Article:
Further reading

  • Practice of Emptiness: The Perfection of Wisdom Chapter of the Fifth Dalai Lama's "Sacred Word of Manjushri". (1974) Translated by Jeffrey Hopkins with instruction from Geshe Rapden. Library of Tibetan Works and Archives. Dharamsala, H.P., India.
  • Mullin, Glenn H. (2001). The Fourteen Dalai Lamas: A Sacred Legacy of Reincarnation, pp. 184–237. Clear Light Publishers. Santa Fe, New Mexico. ISBN 1-57416-092-3.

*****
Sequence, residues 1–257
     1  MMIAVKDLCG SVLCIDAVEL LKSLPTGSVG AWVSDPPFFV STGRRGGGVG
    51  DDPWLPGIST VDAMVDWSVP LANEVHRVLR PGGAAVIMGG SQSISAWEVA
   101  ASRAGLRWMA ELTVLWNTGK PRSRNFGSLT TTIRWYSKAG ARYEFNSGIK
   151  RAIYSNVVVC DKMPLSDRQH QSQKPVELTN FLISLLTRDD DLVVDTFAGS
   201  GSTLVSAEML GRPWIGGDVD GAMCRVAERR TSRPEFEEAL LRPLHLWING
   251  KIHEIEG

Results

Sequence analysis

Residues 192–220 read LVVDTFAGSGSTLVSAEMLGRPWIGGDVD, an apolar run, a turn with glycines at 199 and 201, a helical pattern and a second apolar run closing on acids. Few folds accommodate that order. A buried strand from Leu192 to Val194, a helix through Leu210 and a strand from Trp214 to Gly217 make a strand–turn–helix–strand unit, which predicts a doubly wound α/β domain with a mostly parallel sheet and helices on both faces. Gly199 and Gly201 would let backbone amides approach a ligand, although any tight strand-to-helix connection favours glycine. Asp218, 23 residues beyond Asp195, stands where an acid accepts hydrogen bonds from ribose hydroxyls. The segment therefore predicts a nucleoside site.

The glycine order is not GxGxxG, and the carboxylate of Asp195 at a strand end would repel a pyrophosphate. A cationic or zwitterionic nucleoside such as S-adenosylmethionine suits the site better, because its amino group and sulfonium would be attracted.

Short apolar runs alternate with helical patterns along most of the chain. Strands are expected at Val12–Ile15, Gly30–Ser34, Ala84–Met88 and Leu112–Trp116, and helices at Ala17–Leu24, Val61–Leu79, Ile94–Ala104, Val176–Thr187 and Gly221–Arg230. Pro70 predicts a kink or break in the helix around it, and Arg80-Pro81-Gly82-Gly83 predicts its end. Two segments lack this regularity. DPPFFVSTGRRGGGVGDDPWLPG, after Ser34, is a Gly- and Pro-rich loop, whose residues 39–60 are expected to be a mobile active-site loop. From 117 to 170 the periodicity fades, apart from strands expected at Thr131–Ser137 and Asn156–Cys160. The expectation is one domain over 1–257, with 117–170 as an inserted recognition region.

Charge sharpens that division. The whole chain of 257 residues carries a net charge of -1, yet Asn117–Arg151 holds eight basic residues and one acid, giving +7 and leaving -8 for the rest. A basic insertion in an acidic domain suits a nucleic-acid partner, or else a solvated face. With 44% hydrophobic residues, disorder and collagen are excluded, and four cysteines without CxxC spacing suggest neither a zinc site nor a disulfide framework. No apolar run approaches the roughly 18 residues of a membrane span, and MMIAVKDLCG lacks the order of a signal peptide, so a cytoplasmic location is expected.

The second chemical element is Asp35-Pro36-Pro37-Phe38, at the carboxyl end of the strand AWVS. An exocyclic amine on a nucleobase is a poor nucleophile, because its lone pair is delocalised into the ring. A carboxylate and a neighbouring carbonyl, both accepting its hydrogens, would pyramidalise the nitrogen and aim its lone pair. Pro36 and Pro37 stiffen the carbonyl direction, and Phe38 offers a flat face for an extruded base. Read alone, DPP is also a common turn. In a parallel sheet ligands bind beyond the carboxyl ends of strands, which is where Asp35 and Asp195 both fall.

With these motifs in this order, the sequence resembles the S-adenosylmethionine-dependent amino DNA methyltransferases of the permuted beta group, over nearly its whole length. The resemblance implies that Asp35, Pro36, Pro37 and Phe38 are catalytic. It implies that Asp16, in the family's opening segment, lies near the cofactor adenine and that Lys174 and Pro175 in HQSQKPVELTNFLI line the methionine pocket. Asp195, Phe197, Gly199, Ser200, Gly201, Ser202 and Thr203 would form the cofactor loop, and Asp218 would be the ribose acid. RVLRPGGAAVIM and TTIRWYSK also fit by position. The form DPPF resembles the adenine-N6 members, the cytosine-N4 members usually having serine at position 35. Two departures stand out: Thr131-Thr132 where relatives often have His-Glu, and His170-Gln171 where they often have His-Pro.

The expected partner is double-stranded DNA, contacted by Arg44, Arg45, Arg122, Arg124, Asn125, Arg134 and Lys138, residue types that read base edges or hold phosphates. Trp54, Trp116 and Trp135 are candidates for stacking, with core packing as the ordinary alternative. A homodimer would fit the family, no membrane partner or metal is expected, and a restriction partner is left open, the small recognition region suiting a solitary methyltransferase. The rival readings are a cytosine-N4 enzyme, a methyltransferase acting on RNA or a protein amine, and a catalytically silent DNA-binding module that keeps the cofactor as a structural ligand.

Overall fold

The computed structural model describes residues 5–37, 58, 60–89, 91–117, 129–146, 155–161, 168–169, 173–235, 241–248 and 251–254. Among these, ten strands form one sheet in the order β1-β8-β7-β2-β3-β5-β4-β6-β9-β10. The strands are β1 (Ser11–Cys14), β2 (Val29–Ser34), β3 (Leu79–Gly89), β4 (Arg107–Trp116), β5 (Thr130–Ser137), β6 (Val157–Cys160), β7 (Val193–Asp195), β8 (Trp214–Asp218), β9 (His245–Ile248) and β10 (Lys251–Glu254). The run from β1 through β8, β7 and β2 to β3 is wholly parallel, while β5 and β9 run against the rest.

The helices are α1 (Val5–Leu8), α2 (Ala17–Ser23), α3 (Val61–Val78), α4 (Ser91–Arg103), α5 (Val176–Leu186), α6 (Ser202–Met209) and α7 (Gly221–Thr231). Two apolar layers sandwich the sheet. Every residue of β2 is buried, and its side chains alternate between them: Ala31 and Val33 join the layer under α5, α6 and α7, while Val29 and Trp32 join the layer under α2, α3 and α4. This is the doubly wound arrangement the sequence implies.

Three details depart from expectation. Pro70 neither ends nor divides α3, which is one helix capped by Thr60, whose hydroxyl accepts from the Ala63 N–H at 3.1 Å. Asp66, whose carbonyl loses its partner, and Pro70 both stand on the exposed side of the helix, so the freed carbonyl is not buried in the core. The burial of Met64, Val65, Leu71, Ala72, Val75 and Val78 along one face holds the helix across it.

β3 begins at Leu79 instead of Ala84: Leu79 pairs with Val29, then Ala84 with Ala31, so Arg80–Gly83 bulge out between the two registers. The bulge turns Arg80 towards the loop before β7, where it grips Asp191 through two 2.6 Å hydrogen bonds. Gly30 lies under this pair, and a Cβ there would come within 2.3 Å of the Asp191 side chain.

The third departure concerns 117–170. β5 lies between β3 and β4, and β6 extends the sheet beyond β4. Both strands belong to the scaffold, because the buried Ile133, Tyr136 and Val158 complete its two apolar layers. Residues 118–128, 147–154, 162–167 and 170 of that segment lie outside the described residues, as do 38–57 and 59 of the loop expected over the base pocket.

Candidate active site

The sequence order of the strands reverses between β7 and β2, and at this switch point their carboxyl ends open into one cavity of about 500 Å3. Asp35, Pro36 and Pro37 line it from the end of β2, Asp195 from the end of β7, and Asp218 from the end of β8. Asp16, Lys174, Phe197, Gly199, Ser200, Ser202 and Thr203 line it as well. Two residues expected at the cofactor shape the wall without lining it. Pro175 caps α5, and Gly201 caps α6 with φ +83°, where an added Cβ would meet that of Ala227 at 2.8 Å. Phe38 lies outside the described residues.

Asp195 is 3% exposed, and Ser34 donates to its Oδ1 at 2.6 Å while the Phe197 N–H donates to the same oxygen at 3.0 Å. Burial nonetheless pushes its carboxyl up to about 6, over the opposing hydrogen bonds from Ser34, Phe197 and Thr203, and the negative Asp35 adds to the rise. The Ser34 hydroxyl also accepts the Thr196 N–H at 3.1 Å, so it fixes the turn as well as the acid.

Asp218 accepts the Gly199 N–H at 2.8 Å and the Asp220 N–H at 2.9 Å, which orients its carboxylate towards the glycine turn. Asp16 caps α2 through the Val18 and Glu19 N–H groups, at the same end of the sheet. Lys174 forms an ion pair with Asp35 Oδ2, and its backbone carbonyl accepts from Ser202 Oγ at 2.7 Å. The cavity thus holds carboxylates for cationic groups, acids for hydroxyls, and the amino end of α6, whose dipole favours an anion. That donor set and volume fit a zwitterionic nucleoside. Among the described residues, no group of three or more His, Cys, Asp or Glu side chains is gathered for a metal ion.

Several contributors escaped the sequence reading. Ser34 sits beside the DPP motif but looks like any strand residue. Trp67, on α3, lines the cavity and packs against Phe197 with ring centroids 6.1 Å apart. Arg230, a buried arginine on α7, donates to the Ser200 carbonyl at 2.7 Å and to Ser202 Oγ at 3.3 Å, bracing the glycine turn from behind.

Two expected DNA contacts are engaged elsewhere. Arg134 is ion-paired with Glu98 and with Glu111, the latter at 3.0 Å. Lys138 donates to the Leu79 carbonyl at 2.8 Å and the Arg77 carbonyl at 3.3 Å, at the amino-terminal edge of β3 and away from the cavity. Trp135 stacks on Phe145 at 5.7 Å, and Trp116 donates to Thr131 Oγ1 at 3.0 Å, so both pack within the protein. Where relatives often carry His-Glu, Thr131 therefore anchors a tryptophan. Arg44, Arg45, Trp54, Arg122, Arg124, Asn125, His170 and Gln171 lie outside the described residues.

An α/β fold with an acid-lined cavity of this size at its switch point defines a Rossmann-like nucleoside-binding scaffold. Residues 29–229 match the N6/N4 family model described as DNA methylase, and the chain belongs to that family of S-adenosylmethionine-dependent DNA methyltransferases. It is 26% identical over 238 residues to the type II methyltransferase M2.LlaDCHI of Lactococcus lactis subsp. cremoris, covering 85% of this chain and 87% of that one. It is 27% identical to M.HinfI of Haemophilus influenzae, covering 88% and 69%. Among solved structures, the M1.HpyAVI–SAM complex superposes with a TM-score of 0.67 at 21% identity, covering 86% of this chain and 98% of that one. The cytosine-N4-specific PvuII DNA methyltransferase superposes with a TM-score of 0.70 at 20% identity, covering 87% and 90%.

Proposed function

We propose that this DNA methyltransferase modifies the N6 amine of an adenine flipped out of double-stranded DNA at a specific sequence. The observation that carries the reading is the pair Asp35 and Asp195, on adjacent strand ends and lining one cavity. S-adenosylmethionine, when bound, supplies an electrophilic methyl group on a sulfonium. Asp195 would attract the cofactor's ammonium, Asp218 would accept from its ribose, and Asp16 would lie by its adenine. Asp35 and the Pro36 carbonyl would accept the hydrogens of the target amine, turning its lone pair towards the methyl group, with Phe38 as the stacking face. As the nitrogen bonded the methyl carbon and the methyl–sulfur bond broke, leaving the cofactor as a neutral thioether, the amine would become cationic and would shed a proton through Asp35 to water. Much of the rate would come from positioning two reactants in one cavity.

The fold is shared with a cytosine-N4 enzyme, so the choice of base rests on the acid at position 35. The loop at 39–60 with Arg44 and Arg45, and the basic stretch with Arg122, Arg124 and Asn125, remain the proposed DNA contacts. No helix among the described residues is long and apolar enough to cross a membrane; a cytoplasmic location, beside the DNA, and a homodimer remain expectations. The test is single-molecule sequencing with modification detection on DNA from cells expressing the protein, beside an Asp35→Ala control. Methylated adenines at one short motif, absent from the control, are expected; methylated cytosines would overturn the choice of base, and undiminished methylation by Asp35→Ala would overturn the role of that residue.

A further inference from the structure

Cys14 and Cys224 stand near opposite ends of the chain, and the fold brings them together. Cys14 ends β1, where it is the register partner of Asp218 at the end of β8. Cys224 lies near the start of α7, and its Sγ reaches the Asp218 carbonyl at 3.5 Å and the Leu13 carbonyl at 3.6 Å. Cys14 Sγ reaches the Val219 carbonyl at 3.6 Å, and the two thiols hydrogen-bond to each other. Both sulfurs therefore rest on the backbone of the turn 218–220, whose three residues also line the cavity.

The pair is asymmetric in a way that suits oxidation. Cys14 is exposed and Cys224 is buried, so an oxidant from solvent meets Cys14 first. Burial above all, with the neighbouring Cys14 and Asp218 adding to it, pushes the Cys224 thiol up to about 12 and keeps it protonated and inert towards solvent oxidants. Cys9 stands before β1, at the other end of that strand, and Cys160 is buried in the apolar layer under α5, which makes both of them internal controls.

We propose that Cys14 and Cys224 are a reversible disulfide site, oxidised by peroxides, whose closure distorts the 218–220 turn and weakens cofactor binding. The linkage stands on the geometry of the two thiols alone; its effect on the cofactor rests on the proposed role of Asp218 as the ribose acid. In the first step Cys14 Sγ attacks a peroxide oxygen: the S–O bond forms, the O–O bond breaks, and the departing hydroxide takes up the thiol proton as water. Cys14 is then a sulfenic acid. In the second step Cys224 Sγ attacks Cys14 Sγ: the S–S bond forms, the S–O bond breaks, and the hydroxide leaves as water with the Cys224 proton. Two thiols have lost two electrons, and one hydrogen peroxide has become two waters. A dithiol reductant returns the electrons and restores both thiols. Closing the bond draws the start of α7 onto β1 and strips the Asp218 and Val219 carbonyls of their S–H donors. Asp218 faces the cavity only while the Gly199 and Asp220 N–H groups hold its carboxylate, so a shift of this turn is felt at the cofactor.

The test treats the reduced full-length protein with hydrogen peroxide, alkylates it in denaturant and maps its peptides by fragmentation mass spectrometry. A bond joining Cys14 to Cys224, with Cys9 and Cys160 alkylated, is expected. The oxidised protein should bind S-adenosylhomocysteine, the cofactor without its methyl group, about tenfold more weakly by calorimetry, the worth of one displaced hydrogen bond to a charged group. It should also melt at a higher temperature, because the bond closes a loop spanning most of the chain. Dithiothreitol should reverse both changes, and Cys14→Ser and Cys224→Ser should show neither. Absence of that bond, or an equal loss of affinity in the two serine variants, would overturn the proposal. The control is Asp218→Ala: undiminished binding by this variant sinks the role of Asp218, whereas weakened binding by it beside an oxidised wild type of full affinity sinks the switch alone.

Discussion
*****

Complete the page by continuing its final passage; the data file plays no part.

• Karmay, Samten Gyaltsen:
    • 1988 (reprint 1998). Secret visions of the Fifth Dalai Lama. London: Serindia Publications, Some additional information
    • 1998 'The Fifth Dalai Lama and his Reunification of Tibet'. The Arrow and the Spindle, Studies in History, Myths, Rituals and Beliefs in Tibet. Kathmandu: Mandala Book Point

References

External links

  • Gold Seal of the 5th Dalai Lama given to him by Emperor Shunzhi in 1653, on Chinese website (in German).

Related information

Buddhist titles
Preceded by
Yonten Gyatso
Dalai Lama
1642–1682
Recognized in 1618
Succeeded by
Tsangyang Gyatso